In late December 2017, a group of writers and scholars of SF, scientists and technologists, and defence analysts and policymakers, gathered at Dstl (UK government’s defence science and technology laboratory) in Salisbury to explore science fiction’s contribution to defence policy. Vector caught up with Dr Ping Zheng from Canterbury Christ Church University Business School, to ask her about her impressions of the day, and a few other things …
During the first breakout session, you were in the Human Behaviour in Smart Environments group. How did that go?
We had some inspiring discussions about how humans may react in smart environments. I think the group dynamics probably extended the scope of planned discussions, and allowed us to engage in more diversified discourse, ranging from individual perspectives, to emergent impacts at a societal level, and also to policy perspectives. For example, two prominent issues were debated: national and cultural differences, and ethical concerns such as privacy.
Perhaps the value of events like these is that you might discover that your original questions can be re-framed, or that your stakeholders are not precisely who you imagined them to be. Your other breakout session was ‘Defence (In)efficiency: What Does the Future Hold?’?
Yes. It was very well organised, and there were many interesting and useful suggestions made about how to improve the efficiency of defence. For example, I offered two ideas, one relating to the use of augmented human technologies to better equip soldiers, and the other concerning the application of virtual reality technology to enhance information sharing and communication. The final summary included both of these suggestions, together with Avatar‑style remote presence systems.
You also addressed a plenary session, delivering your Stimulus Brief. There you introduced the Diegetic Innovation Templating methodology (DiT), something you’ve cooked up with Vic Callaghan. Could you give our readers a brief introduction?
Diegetic Innovation Templating is a methodology to extract ideas directly from SF or fantasy literature as templates, the currency of innovation. It is also a model guiding how these templates of fictional concepts can either be explicitly transformed into product/service innovations, or implicitly used to shape the organisational process and future vision. Either of these can help to develop foresight innovation capabilities of organisations.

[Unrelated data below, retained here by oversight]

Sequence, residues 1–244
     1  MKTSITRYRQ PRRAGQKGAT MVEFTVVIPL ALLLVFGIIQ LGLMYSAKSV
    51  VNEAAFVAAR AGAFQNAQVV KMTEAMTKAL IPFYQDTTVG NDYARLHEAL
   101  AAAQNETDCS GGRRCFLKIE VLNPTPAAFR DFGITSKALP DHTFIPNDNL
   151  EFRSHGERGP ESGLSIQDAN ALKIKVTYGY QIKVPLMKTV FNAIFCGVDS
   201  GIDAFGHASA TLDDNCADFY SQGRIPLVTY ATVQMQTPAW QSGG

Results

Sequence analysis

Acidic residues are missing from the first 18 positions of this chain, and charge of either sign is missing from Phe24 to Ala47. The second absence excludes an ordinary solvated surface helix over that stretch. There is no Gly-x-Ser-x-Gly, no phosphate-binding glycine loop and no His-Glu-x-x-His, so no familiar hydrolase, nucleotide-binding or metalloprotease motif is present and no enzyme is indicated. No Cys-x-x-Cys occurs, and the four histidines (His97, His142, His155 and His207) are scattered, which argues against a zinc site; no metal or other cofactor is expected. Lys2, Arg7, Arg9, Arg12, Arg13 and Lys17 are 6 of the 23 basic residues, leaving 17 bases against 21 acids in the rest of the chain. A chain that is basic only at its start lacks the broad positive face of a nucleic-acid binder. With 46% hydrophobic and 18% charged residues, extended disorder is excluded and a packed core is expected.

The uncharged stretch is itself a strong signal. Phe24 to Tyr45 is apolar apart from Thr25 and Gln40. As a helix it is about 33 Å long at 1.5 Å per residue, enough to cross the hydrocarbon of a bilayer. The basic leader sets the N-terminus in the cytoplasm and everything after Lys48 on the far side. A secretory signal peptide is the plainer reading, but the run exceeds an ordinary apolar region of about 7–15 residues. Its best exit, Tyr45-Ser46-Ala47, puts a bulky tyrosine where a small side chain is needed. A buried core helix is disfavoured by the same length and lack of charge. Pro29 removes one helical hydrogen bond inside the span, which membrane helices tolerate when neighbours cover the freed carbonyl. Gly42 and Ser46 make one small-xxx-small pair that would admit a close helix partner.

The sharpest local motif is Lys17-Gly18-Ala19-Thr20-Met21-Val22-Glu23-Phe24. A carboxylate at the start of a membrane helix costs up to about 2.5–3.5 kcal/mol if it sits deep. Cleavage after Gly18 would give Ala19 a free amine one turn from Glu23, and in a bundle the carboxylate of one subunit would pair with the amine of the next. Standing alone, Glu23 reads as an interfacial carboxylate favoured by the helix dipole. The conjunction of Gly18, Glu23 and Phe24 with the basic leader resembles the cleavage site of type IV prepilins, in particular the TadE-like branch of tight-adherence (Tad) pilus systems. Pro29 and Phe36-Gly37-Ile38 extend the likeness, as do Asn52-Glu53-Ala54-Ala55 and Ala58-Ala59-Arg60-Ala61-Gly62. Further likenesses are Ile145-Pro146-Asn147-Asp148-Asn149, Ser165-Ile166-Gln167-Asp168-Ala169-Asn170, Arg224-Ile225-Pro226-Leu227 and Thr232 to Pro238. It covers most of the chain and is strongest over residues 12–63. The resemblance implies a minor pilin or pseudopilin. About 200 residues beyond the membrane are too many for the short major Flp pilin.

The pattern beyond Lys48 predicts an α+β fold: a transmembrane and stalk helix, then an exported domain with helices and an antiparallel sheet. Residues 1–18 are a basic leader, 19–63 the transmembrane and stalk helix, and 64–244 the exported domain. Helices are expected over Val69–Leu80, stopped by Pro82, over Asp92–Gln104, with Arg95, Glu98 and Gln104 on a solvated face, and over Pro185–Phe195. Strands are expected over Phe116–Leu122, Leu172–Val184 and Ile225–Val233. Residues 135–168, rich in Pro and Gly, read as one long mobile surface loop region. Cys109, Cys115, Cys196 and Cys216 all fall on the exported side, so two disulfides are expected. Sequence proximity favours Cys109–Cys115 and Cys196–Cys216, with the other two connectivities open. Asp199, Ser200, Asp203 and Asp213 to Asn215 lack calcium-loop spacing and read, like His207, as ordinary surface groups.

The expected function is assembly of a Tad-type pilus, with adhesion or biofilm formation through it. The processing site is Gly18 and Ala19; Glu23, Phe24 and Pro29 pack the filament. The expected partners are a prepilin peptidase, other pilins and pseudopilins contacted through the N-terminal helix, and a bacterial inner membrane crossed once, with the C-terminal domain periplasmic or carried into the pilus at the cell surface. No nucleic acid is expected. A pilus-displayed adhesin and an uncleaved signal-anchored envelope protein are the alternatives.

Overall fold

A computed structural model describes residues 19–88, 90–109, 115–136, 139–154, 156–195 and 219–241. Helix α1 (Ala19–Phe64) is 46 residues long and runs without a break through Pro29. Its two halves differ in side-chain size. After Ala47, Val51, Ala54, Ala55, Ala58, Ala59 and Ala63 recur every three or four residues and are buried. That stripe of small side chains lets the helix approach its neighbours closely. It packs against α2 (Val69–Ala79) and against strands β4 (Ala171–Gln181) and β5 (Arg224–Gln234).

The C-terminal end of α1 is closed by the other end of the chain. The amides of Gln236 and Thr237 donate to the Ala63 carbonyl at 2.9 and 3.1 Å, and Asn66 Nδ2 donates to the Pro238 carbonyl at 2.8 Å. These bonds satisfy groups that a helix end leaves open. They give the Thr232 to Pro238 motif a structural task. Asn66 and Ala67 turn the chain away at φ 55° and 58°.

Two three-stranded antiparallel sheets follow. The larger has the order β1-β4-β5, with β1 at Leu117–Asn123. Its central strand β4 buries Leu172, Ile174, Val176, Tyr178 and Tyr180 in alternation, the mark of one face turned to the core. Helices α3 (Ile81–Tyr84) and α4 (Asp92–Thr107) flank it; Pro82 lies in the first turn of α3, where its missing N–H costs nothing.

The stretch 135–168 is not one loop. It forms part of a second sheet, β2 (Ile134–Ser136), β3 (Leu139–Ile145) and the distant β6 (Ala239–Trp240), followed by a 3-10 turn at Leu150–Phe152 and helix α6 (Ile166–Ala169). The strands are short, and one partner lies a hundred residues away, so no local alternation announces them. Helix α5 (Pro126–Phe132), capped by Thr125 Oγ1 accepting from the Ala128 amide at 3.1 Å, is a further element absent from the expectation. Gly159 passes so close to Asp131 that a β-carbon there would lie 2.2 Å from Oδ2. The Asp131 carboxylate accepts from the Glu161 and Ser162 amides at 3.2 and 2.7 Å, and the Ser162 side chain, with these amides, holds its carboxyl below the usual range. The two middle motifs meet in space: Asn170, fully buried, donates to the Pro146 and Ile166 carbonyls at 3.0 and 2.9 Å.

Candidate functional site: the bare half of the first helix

You suggested that a work of science fictional prototyping can be positioned on a matrix with two axes. This matrix essentially estimates the gap between fiction and reality, right? You didn’t put it this way, but it sounded to me like one axis was about production and supply (“How feasible is it, technologically and economically, to make this?”), and the other axis was about demand (“How feasible is it to sell this? Will people understand it? Do they need it? Will they want it?” etc.). Have I got that right?
I think, from a company perspective, that is a very helpful way to understand the Diegetic Gap (DiG). But from an academic perspective, we also tend to think of it as being a conceptual gap which not only affects demand from the market and customers, but also measures the conceptual appreciation or comprehension inside the organisation.
Okay, I see. So how might it be helpful in that more internal context?
For instance, it raises questions for managers or capability leaders such as: what kind of conceptual capability is required to develop in the project? How far it is from the existing product portfolio? What is required to integrate the new concept into the product strategy in both short term and long run? What should be done to move the idea to full product concept and further to prototype stage?
Understanding these two axes (conceptually and technically) will help innovators or leaders to develop a mapping tool, which will allow them to precisely position the idea on the progress blueprint, showing how to manage potential milestone objectives in alignment with available and unavailable resources and capabilities. So it’s a very useful tool to help manage the complexity and difficulty of SF prototyping.
Okay. Such a model presumably has to strike a balance between being easy to understand and apply, and capturing enough detail. Just hypothetically, if you were to imagine a three-axes version of the DiG, what would those axes be?